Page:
In the Spirit of Crazy Horse: The Story of Leonard Peltier and the FBI's War on the American Indian Movement

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9780140144567: In the Spirit of Crazy Horse: The Story of Leonard Peltier and the FBI's War on the American Indian Movement

An “indescribably touching, extraordinarily intelligent" (Los Angeles Times Book Review) chronicle of a fatal gun-battle between FBI agents and American Indian Movement activists by renowned writer Peter Matthiessen (1927-2014), author of the National Book Award-winning The Snow Leopard and the new novel In Paradise
 
On a hot June morning in 1975, a desperate shoot-out between FBI agents and Native Americans near Wounded Knee, South Dakota, left an Indian and two federal agents dead. Four members of the American Indian Movement were indicted on murder charges, and one, Leonard Peltier, was convicted and is now serving consecutive life sentences in a federal penitentiary. Behind this violent chain of events lie issues of great complexity and profound historical resonance, brilliantly explicated by Peter Matthiessen in this controversial book. Kept off the shelves for eight years because of one of the most protracted and bitterly fought legal cases in publishing history, In the Spirit of Crazy Horse reveals the Lakota tribe’s long struggle with the U.S. government, and makes clear why the traditional Indian concept of the earth is so important at a time when increasing populations are destroying the precious resources of our world.

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About the Author:

Peter Matthiessen was the cofounder of the Paris Review and is the author of numerous works of nonfiction, including In the Spirit of Crazy Horse, Indian Country, and The Snow Leopard, winner of the National Book Award.

Excerpt. © Reprinted by permission. All rights reserved.:

INTRODUCTION

 

The buffalos I, the buffalos I . . .

I am related to the buffalos, the buffalos.

Clear the way in a sacred manner!

I come.

The earth is mine.

The earth is weeping, weeping.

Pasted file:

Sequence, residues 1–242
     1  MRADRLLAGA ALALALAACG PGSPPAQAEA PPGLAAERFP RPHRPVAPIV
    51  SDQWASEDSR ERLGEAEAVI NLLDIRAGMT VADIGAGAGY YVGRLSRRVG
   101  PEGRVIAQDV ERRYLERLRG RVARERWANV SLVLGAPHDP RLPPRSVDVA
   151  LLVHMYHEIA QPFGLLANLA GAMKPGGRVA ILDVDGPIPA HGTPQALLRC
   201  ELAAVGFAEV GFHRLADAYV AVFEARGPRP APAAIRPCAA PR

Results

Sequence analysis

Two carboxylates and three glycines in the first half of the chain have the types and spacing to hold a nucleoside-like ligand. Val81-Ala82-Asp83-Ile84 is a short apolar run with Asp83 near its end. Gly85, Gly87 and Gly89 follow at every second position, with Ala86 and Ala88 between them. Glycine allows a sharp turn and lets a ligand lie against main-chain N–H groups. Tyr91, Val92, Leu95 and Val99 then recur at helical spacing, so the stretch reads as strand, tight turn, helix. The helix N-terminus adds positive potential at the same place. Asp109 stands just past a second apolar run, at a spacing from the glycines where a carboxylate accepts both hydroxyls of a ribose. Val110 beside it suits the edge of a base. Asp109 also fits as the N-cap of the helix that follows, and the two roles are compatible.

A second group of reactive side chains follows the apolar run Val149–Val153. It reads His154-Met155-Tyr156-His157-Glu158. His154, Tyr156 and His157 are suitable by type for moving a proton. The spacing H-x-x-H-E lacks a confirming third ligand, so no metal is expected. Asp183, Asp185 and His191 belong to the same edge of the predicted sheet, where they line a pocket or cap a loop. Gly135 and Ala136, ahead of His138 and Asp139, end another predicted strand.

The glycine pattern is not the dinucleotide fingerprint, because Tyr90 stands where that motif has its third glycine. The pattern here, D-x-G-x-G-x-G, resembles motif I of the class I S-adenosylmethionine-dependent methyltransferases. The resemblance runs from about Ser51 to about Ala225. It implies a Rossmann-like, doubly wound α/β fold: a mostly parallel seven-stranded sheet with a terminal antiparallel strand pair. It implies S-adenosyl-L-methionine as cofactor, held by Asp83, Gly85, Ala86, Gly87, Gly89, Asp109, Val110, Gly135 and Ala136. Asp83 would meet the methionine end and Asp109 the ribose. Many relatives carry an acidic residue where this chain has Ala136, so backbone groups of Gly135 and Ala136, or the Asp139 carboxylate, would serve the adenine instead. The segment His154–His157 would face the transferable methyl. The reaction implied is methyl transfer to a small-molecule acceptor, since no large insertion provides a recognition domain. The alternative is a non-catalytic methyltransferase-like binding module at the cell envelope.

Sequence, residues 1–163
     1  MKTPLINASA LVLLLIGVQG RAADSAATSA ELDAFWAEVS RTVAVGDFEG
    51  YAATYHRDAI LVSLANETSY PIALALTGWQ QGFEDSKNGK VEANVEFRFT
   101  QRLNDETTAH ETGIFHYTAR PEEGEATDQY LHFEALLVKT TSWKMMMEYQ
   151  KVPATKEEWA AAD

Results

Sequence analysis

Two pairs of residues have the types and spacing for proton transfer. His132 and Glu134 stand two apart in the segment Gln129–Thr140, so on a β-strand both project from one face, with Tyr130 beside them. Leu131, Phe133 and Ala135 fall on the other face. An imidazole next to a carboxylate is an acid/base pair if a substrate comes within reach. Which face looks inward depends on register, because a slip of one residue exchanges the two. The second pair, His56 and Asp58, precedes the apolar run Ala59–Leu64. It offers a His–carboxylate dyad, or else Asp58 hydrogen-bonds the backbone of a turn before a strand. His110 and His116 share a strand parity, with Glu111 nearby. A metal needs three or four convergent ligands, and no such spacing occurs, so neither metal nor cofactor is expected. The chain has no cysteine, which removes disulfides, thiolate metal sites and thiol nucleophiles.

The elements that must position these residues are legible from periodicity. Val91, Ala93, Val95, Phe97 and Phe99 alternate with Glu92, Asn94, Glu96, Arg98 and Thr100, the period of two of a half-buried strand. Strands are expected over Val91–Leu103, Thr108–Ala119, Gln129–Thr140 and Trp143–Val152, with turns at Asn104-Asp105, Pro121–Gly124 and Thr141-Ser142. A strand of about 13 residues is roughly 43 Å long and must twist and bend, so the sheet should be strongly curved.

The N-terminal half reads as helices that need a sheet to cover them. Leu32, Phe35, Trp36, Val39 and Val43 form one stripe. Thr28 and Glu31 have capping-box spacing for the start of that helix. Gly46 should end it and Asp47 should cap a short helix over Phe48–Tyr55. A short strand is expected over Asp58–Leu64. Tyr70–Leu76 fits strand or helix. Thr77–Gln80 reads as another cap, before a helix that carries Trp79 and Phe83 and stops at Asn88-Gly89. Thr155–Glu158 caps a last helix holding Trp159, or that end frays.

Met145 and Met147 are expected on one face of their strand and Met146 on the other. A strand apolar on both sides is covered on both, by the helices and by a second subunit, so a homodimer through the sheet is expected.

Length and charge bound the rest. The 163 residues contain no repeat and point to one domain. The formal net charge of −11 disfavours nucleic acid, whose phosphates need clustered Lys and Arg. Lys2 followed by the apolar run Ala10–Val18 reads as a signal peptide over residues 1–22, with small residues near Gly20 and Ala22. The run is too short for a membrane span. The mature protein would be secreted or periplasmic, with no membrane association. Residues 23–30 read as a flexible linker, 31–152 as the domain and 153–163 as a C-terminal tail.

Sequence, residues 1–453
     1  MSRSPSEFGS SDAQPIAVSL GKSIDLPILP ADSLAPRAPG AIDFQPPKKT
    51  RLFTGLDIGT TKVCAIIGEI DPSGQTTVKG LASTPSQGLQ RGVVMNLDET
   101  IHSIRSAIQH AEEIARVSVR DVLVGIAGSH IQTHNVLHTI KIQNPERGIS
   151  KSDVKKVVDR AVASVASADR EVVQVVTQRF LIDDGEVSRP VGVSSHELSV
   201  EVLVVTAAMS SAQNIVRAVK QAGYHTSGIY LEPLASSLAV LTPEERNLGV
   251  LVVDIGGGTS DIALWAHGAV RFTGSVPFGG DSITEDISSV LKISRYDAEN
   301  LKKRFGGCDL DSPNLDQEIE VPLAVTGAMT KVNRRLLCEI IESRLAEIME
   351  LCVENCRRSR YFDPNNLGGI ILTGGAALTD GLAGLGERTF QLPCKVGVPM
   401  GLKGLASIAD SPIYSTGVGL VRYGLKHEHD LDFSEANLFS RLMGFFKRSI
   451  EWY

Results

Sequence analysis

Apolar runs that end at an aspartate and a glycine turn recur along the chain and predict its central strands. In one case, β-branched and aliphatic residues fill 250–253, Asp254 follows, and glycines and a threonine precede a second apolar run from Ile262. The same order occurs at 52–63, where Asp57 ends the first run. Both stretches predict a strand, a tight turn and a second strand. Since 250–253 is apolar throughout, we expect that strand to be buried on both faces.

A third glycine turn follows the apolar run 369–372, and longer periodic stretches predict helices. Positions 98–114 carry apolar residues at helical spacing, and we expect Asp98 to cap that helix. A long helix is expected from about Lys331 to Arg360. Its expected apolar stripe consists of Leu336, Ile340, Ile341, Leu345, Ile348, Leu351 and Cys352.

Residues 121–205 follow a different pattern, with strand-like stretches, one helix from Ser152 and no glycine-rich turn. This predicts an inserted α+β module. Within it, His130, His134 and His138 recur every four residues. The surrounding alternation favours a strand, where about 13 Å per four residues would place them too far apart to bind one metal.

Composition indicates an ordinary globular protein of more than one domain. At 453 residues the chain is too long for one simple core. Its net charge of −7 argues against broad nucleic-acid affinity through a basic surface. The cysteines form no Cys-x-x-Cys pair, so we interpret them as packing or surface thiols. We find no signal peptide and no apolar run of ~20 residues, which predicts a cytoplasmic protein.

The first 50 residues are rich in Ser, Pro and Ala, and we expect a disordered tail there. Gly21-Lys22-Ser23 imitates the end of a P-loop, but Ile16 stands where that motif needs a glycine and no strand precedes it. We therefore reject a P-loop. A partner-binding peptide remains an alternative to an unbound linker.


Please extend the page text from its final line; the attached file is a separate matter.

On June 26, 1975, in the late morning, two FBI agents drove onto Indian land near Oglala, South Dakota, a small village on the Pine Ridge Reservation. Here a shoot-out occurred in which both agents and an Indian man were killed. Although large numbers of FBI agents, Bureau of Indian Affairs (BIA) police, state troopers, sheriff’s deputies, and vigilantes surrounded the property within an hour of the first shots, the numerous Indians involved in the shoot-out escaped into the hills.

The death of the agents inspired the biggest manhunt in FBI history. Of the four men eventually indicted for the killings, one was later released because the evidence was “weak,” and two others were acquitted in July 1976 when a jury concluded that although they had fired at the agents, they had done so in self-defense. The fourth man, Leonard Peltier, indicted on the same charges as his companions but not tried until the following year, after extradition from Canada, was convicted on two counts of murder in the first degree, and was sentenced to consecutive life terms in prison, although even his prosecutors would dismiss as worthless the testimony of the only person ever to claim to have witnessed his participation in the killings. This testimony was also repudiated by the witness, who claimed to have signed her damning affidavits under duress, as part of what one court of appeals judge would refer to as a “clear abuse of the investigative process by the FBI.”

Whatever the nature and degree of his participation at Oglala, the ruthless persecution of Leonard Peltier had less to do with his own actions than with underlying issues of history, racism, and economics, in particular Indian sovereignty claims and growing opposition to massive energy development on treaty lands and the dwindling reservations. In the northern Plains, the opposition was based on a treaty, signed in 1868 between the United States and the Lakota nation at Fort Laramie, in Dakota Territory, which recognized Lakota sovereignty in their Dakota-Wyoming homelands and hunting grounds, including the sacred Paha Sapa, the Black Hills. With the discovery of gold in the Black Hills a few years later, this treaty was illegally repudiated by the U.S. government; not until the 1970s was the justice of the Lakota treaty claim recognized in court.